The Formula Masters China Series might be a relative newcomer on the junior single-seater landscape, but with strong competition, low budgets and backing from Volkswagen Group China, it's a wise choice for open-wheel racers.
An LMP1 driver in FIA WEC. An FIA F3 European Championship runner-up on the verge of debuting in GP2. Two class winners of the Sepang 12 Hours.
For a category that's only been around for four years, the Formula Masters China Series has already helped a number of its alumni reach serious heights in the world of motorsport, both on the fledgling Asian racing scene and on the worldwide stage.
While the championship has long made a concerned effort to promote junior single-seater racing in China, FMCS is well and truly an international motorsport competition, the podium ceremonies in which have featured drivers from all continents of the world but Antarctica.
It is also a series that has presented a strong career avenue for both drivers with previous single-seater experience and karting graduates – and, crucially, one that has proven more affordable than the traditional junior routes in other parts of the world.
American racer Oliver Askew, who made his single-seater debut in FMCS in 2015, recalls: “We looked at all the opportunities to switch to cars in 2015, including Mazda Road to Indy – but ultimately could not produce the budget required.
“But then, FMCS and the Absolute Racing squad helped us and found team sponsors, which allowed me the opportunity to do two rounds – and ended up with a couple of podiums”.
Askew's sentiments were echoed by 2014 champion James Munro, who joined the series after a successful career in his native New Zealand and would put together a series record streak of six consecutive wins in his title assault. “The costs were at least half what they would've been in Europe or America,” he says.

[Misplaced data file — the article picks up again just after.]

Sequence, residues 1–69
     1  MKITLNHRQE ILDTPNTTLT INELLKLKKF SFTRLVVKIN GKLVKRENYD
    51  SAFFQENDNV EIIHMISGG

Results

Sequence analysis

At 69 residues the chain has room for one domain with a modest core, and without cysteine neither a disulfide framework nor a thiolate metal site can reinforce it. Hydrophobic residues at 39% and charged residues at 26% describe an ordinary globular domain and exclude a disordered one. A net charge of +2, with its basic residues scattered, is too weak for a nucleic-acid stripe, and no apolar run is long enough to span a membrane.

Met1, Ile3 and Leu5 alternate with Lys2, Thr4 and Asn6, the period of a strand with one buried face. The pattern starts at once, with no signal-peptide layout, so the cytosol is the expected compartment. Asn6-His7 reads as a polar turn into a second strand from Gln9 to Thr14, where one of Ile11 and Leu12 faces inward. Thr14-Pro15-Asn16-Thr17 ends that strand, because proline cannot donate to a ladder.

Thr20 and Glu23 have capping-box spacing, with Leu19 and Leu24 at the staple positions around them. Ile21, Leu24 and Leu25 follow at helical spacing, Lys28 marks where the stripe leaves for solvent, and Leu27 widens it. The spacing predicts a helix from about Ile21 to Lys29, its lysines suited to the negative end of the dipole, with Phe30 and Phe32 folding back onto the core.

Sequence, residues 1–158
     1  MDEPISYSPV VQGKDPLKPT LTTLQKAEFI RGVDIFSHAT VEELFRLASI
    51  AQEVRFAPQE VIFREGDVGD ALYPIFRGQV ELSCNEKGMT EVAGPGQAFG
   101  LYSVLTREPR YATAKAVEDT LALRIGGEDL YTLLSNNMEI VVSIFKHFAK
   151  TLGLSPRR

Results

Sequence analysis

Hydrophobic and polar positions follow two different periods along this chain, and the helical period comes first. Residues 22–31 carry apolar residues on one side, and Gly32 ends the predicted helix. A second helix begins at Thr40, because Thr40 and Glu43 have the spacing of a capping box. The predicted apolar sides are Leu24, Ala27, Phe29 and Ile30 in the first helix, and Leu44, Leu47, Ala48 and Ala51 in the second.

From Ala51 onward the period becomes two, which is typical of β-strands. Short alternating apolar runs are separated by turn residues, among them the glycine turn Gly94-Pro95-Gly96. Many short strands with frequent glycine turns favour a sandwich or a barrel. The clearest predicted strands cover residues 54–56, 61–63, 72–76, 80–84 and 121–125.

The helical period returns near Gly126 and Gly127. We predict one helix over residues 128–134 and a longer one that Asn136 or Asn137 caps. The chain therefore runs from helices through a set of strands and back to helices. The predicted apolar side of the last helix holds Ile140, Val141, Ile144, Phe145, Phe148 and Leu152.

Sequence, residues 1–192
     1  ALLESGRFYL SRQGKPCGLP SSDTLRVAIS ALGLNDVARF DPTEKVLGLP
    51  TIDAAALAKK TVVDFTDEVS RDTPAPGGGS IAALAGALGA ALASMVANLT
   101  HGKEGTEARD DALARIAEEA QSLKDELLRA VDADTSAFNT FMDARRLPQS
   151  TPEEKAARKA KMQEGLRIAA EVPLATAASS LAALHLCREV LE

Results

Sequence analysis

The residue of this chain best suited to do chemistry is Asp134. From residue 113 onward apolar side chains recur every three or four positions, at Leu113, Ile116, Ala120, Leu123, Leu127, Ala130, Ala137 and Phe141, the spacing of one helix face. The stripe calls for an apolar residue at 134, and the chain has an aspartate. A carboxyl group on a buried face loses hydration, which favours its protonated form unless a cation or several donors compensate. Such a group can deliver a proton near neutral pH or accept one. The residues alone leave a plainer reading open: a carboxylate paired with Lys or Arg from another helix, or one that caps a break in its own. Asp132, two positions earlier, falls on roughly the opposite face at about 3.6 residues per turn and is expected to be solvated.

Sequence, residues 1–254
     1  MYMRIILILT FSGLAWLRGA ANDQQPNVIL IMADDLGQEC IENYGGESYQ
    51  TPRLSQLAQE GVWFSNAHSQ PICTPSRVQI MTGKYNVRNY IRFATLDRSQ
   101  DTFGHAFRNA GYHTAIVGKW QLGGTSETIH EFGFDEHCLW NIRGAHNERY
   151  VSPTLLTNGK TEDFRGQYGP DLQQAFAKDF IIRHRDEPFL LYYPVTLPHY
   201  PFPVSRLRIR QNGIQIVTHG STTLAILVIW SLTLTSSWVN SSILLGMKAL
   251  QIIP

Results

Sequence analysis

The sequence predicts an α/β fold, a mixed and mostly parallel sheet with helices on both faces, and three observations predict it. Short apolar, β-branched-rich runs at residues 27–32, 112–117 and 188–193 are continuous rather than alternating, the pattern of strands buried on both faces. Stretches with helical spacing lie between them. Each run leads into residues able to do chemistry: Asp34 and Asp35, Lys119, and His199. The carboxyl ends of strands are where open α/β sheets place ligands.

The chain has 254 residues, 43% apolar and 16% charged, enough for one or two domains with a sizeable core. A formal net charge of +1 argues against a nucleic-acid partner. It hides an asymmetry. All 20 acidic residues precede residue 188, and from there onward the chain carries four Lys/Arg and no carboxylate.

Munro also adds: “In other championships, there's a lot more scope for outspending opponents to get a leg up - through extra testing or even extra championships.
“With FMCS, the in-season testing was limited, both by regulations and by cars having been in freight most of the time, so there was less room to get an advantage over your rivals through money – which makes it more fair.”
FMCS is a one-make championship, all of its competitors running a Tatuus FA010 chassis with a 185bhp two-litre F3 engine by Volkswagen.
“It's really good-quality chassis and the engines run really well,” reckons Munro. “They're pretty bulletproof. Some would say the cars are getting a little bit old, but they're still very good cars.
“They're always patched up as well after every season - in good condition, the teams look after them. And it was quite good to drive - it was one of my favourite single-seaters, very well-balanced.”
Askew adds: “The cars are very enjoyable to drive, they race well and are perfect to learn the basics of an open-wheel race car.”
The championship's spec-series nature also contributes to creating a level playing field in the championship. As Munro puts its: “All all of the teams are competitive with the right driver in the car. They're all pretty close – and there's scope for any of them to win.”